Lauren Oyler Doesn’t Care If You Like Her

Books are having a moment in pop culture. Small press essay collections and experimental novels didn’t used to leave their niche circles, but posing with a hardcover, or better yet an advance copy, is now a cool kid thing to add to your feed. Kaia Gerber is fawning over Sally Rooney’s millennial romance Normal People over Instagram Live. Former NFL quarterback Andrew Luck is running a book club. Gigi Hadid is a Camus fan. Timothée Chalamet was reading something at the SAG Awards. Emrata curls up with Hilton Als’ White Girls in bed! For a publicist, a supermodel’s endorsement is now the paradigm. For literary critic Lauren Oyler, it’s a reason to be wary, an example of the way that social media metrics dictate which books get good reviews, and thus get read.

Oyler, who is as ruthless as she is very online, doesn’t hide her unpopular opinions—she isn’t a Rooney fan, for the record. Her review of Jia Tolentino’s otherwise beloved essay collection Trick Mirror crashed the London Review of Books website because intellectuals on Twitter are more prone to gossip and drama than Real Housewives. When Oyler announced her debut novel Fake Accounts, out February 1 with Catapult, the consensus among the media set was, ‘She writes so many bitchy book reviews, hers better be good.’ Oyler critiqued Tolentino for making “any observation about the world lead back to her own life and feelings,” when it should be the other way around. Oyler wrote the other way around. 

Lauren Oyler's debut novel Fake Accounts

In Fake Accounts, a blogger spirals when she discovers that her boyfriend secretly runs a conspiracy theory social media account. Set between Berlin and Brooklyn in 2016, the narrator is a cynical participant in the daily discourse that reminds us we live in a society with other human beings. She goes to the Women’s March and mainly recounts the crowds and a poppyseed muffin. She doesn’t have a name; I think of her as some combination of Doomer Girl from the Wojack universe and, of course, Oyler herself.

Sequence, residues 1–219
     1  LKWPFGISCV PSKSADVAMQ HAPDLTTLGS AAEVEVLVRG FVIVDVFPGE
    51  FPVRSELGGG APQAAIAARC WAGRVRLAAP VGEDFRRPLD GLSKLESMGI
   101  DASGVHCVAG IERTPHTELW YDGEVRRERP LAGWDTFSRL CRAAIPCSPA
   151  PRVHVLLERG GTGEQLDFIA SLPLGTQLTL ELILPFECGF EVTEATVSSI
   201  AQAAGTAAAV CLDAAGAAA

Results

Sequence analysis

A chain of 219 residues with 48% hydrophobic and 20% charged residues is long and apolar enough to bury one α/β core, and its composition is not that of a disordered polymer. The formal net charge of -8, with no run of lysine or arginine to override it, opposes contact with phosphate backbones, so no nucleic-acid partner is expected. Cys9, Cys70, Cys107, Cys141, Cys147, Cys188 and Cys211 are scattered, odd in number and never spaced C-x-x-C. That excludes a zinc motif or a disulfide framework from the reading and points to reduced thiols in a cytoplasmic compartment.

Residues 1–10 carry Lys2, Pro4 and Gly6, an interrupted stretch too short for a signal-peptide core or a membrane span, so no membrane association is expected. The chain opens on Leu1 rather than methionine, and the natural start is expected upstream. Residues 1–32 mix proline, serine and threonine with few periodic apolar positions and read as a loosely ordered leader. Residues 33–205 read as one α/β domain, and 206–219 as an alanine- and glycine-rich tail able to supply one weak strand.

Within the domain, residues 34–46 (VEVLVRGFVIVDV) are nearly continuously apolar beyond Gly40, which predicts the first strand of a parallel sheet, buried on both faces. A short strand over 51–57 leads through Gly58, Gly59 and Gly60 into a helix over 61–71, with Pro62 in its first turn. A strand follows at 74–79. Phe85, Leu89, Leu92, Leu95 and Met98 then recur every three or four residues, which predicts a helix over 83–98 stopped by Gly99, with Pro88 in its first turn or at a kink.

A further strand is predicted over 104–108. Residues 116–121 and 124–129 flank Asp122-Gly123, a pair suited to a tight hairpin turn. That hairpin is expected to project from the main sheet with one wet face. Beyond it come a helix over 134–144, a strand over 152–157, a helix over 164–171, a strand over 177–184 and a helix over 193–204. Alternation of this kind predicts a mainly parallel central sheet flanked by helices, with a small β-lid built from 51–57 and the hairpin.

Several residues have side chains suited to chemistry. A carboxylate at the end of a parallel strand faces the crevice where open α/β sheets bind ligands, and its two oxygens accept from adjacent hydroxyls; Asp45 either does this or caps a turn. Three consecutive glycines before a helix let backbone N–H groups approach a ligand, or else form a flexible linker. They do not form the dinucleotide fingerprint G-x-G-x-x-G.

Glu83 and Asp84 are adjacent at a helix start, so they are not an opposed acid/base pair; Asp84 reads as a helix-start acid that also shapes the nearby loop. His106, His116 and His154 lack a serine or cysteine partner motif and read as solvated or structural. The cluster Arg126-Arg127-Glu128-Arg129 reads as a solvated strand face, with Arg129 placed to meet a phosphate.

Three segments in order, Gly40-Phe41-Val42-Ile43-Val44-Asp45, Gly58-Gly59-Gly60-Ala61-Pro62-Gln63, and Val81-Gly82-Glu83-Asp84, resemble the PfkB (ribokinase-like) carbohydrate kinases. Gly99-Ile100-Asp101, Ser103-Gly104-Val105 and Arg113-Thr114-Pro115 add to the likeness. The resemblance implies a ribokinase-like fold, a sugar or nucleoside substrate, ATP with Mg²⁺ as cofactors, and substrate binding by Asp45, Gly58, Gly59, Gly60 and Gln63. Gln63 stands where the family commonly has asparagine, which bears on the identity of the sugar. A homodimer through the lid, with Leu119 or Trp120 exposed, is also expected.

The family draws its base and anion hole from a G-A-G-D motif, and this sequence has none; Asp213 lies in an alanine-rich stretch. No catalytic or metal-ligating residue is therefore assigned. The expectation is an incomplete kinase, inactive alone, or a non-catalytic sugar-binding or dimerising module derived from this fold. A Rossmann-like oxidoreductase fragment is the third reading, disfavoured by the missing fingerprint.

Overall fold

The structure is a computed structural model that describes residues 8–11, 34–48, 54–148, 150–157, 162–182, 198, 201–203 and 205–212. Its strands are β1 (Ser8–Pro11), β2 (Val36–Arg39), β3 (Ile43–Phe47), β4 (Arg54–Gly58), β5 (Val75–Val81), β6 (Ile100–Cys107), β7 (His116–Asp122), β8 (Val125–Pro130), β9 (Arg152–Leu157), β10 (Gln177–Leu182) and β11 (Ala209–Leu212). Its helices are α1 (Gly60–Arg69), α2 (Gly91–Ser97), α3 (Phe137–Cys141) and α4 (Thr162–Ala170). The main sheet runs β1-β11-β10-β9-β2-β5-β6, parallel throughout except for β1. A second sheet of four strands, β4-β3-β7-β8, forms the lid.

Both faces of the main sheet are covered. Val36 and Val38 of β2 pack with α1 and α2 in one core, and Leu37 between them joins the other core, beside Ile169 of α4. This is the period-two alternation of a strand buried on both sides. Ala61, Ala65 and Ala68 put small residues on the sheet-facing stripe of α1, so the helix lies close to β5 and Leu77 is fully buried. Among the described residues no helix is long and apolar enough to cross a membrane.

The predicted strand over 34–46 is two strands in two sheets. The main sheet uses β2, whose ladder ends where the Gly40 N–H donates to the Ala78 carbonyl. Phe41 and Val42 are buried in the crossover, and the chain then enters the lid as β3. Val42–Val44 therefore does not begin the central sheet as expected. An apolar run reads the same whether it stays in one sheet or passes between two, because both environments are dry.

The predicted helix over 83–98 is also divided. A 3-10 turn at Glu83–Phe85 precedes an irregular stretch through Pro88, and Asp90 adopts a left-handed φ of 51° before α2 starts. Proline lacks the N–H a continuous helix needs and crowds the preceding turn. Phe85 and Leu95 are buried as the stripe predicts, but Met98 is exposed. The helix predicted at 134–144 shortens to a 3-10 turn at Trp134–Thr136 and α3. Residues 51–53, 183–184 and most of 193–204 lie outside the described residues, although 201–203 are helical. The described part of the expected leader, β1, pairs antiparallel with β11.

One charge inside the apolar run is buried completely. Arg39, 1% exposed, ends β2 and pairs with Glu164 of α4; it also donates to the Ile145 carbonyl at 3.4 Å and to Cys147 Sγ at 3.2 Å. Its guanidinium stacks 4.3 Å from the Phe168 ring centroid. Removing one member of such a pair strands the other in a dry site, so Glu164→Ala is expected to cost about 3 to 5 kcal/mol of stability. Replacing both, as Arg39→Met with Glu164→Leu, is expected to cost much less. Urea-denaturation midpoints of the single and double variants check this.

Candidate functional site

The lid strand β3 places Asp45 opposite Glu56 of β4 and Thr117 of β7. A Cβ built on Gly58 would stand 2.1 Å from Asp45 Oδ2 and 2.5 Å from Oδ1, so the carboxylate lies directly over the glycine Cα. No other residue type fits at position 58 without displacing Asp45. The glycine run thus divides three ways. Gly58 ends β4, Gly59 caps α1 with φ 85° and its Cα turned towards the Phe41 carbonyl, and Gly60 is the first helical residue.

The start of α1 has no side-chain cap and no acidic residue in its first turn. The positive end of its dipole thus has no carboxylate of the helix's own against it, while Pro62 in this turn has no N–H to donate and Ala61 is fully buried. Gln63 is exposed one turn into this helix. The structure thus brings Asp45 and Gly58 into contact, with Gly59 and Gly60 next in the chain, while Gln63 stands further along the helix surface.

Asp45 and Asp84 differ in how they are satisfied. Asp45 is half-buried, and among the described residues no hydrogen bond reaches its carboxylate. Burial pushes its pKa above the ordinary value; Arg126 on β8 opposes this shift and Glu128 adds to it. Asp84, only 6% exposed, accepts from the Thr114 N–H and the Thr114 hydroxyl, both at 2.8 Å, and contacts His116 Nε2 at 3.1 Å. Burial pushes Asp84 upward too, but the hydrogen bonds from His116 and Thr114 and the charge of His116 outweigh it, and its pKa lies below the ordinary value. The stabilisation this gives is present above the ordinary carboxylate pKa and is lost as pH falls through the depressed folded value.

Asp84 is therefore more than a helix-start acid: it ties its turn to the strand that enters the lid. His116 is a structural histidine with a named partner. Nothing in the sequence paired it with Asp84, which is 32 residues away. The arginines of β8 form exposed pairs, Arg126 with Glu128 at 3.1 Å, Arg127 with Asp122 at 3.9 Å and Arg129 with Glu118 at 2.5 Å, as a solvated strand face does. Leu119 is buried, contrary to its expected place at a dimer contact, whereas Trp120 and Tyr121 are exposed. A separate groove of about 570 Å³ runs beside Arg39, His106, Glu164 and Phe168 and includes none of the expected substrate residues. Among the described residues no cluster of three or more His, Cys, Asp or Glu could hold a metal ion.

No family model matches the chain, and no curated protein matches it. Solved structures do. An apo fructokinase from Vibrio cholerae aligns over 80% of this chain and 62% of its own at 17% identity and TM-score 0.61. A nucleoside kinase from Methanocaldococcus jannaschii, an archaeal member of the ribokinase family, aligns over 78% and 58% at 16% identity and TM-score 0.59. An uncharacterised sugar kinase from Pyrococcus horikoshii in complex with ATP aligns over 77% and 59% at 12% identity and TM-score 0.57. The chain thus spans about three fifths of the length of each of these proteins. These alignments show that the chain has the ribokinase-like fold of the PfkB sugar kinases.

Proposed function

Another big Oyler idea: autofictional and personal essay writers are too concerned with being perceived as “good”, so much that their writing suffers. One solution is to anonymize the author, like the pseudonymous Elena Ferrante, who believes that “books, once they are written, have no need of their authors. If they have something to say, they will sooner or later find readers.” Oyler, who is 30, chooses parody to confront the desire for goodness, for an identity that strangers attach positive feelings to. Ben Lerner is referenced with an eye-roll, and a chapter of fragments read like Jenny Offill if she was 20 years younger and tipsy. Oyler’s protagonist is a liar and a dirtbag; she is actively trying to be less good. It’s much more fun, and funny, that way. Literature may be in, but earnestness never is.

Moments of direct address—“Maybe it seems to you damning that I would go back to bed with someone who could do such a thing”—keep us on track when the narrative drama eclipses the literary tricks and winks. Not that it’s so hard: Oyler’s fiction writing is addictive, just like social media. I didn’t think about reaching for my own phone when I was with Fake Accounts. Her intensely detailed, dramatized descriptions of the OkCupid questionnaire and her own Twitter avatar are more than enough. The avatar is the same as Oyler’s in real life. In an interview with The Cut, she says “that you never know if you’re learning something about the author or not, right?” Demanding morality from writers, or even celebrities, won’t give us better art. In fact, it might hinder its production. We should be lucky that in an era of screenshots and timestamps keeping the would-be cancelled in check, some people are still taking such risks.

Lead image: Pete Voelker